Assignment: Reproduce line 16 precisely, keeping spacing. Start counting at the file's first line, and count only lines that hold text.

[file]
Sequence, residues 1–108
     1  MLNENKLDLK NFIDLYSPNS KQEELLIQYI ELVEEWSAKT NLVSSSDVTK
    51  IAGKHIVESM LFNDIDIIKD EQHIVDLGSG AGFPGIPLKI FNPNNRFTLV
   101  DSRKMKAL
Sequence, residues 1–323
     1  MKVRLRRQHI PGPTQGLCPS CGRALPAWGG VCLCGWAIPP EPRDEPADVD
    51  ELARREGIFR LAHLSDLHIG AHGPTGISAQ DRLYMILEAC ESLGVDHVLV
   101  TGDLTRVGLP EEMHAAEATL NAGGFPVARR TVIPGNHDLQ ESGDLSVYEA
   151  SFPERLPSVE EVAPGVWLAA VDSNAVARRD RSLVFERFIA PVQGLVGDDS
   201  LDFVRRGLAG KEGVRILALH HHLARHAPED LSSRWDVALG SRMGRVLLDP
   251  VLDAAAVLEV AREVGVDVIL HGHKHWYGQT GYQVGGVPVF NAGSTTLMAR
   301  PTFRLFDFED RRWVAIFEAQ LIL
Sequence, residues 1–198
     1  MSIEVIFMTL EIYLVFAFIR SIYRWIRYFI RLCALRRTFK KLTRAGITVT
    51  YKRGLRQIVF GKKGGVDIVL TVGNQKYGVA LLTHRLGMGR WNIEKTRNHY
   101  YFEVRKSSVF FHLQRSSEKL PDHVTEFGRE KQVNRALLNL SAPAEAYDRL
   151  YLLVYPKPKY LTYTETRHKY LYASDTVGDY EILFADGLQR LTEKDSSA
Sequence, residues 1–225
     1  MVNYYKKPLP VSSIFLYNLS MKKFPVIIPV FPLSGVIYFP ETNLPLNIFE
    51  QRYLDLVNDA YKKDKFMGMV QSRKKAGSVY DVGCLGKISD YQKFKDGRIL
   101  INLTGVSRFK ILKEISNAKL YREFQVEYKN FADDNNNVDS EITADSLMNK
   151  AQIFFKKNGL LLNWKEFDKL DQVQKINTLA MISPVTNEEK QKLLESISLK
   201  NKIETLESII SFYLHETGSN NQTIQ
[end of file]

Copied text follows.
   101  YFEVRKSSVF FHLQRSSEKL PDHVTEFGRE KQVNRALLNL SAPAEAYDRL